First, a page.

Most of my graduate level online only students realize that they are going to work even harder than a “traditional” student, because of the fact that class participation is determined solely by the completion of their discussion thread posts, blog posts, and project posts.  If they do not complete their assignments for the week, then it’s as if they have not participated in class at all; unless there is a special circumstance in which I’ve granted permission to submit work late, students will fail my course if they do not complete their assignments (and in a timely fashion).

When you’re in a class with twenty students staring at you, there are usually a few talkers in the bunch who will take the pressure over those who are less inclined to raise their hand and share their perspective.  When you’re in an online course, there is no option as to whether or not to raise your hand.  You are required to do so — everyone must respond to the readings, type out their responses, think critically about the material they’re being presented with, etc.

The students I had in class this semester face-to-face for the majority of the time, found that their out of class hybrid assignments took significantly longer to complete than a typical face-to-face discussion.  For this reason, I think as much as they liked “having the night ‘off'” they preferred meeting in person because if they did not have their readings completed for one reason or another, they knew who the diligent students were, and who would do the most talking, which took the pressure off.

One of the ways I attempted to encourage thorough readings and note-taking was with some good old positive reinforcement.  Essentially, I strongly recommended that they take notes per the prescribed outlines I’d given them (a model from Harvard University’s library staff that is given to their incoming freshman each year).  When they came into class two evenings later, I went around to each student asking them to show me their written notes.  I gave one ticket to each student who had completed their notes as requested (reading is required, notes are strongly encouraged, but however they choose to engage with/absorb the material is their prerogative).  The students were confused at first, not sure whether or not receiving a ticket was a good thing.  I assured those that had received tickets that all was well.  At the end of class I conducted a raffle — the student whose ticket I had selected received a guitar-shaped flash drive.   Once the raffle was complete, I reviewed the required readings for the following class and once again, I asked for written notes.  This time around, most of the class came in “prepared”.  Unfortunately for their expectation levels, I did not conduct a raffle.  I conducted one more raffle before the semester ended, but each time I said “you never know” when they asked if there would be another one, the hope that there may be something “more” in it for them than the learning itself (the highest prize in an instructor’s mind!) kept them slightly more engaged with the note-taking process than they otherwise might have been.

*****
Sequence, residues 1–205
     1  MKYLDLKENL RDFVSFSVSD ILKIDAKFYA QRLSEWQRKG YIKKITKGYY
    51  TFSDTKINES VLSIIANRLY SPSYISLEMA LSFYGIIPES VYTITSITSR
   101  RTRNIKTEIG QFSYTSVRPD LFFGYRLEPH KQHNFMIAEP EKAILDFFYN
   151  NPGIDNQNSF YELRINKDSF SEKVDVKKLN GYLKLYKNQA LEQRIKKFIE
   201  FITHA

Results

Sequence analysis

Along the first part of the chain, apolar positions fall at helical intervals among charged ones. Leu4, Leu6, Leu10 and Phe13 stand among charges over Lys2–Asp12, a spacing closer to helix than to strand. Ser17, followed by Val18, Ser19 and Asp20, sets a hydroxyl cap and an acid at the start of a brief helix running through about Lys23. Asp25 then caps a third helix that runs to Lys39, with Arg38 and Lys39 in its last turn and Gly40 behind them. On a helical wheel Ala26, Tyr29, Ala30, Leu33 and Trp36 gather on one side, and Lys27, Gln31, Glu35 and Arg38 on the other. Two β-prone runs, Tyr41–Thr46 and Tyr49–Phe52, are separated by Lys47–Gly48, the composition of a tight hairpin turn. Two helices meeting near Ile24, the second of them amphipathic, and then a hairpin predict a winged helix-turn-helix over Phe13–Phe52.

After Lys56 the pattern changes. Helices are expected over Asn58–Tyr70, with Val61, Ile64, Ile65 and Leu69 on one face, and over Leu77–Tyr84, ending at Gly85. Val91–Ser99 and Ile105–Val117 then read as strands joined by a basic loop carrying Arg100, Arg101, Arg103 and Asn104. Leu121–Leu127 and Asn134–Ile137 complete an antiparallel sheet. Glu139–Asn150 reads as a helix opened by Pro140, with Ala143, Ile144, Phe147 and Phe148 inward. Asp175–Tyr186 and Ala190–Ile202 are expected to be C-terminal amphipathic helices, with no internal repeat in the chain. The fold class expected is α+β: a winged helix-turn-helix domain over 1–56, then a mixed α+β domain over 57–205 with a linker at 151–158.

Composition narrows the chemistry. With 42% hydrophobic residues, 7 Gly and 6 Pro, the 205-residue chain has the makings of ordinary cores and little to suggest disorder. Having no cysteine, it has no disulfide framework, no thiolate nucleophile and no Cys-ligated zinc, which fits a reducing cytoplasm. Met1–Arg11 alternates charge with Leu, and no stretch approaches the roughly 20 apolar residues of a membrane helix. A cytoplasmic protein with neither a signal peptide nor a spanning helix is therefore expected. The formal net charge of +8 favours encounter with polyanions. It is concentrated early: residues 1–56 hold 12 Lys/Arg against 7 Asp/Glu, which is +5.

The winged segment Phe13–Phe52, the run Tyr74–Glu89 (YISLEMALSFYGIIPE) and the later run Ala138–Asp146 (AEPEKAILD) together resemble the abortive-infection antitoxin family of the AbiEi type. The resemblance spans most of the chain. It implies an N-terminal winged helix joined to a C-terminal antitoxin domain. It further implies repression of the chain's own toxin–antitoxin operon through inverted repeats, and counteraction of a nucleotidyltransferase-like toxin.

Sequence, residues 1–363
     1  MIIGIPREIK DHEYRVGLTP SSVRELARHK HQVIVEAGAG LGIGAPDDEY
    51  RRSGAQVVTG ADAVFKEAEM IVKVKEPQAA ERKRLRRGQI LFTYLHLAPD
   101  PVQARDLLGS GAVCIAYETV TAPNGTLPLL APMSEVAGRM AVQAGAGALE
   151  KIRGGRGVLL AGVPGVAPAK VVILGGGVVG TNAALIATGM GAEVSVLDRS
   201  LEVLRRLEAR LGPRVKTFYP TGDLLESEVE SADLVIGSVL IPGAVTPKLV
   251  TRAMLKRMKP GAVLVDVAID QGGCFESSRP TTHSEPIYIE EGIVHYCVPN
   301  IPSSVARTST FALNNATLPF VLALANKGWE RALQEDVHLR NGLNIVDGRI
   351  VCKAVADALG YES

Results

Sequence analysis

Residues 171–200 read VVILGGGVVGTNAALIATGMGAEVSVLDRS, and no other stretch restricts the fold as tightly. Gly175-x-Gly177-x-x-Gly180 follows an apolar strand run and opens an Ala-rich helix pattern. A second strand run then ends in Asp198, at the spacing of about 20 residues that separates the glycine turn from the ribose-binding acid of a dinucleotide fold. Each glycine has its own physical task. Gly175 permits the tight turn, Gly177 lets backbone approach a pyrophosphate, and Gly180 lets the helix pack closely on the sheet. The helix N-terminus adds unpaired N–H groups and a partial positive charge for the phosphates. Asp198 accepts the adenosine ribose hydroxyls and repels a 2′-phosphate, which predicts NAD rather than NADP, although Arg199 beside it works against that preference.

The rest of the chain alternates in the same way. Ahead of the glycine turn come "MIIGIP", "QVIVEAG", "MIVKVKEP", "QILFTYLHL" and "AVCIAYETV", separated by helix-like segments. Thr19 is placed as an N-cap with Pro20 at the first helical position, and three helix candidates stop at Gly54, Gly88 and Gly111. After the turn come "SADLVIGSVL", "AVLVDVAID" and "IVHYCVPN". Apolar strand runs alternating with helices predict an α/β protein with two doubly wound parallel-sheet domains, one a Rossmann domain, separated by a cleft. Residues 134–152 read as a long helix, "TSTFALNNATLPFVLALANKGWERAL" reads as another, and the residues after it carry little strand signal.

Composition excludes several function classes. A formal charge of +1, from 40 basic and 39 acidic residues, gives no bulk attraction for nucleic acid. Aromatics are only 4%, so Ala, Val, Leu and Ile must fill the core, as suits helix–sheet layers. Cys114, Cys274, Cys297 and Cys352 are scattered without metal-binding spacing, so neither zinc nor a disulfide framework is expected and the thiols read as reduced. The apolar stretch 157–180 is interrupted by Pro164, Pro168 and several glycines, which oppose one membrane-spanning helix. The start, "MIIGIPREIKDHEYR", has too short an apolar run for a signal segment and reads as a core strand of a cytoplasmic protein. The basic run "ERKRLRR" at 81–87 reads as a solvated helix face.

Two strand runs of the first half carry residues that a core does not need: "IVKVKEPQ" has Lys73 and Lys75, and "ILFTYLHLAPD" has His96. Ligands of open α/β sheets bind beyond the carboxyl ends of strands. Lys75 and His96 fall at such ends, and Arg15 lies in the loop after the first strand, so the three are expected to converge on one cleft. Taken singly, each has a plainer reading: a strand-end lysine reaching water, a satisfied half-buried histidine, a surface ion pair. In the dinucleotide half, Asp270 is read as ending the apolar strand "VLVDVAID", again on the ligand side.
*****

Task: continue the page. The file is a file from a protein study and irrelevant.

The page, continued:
I also brought my students in cupcakes one night.  They were so excited they insisted on taking pictures of me holding their home-made treats.  One of my students asked me if he could post it on Twitter with our course’s hashtag (#eng3080).  Though I was inclined to object (because no matter how much students like you, it is important to have common sense and realize that they could also say something that might misrepresent you in some way), when he said “But you told us that you wanted us to use more social media tools, and to respond to things that are pertinent to class!” (I’m paraphrasing here) there was no way I could say no!  I, the teacher, had been schooled by her own students…I couldn’t have been more proud!  This was probably the ultimate in teachable moments, something Education majors across the globe can relate to and are encouraged by!

Here is a link to one of the most cherished pedagogical moments in my brief history as an instructor: February 2013.

Selected Course Resources

Course content can be found by clicking on the following links below:

  • Course Website
  • Syllabus
  • Project Document

Be First to Comment

Leave a Reply

Your email address will not be published. Required fields are marked *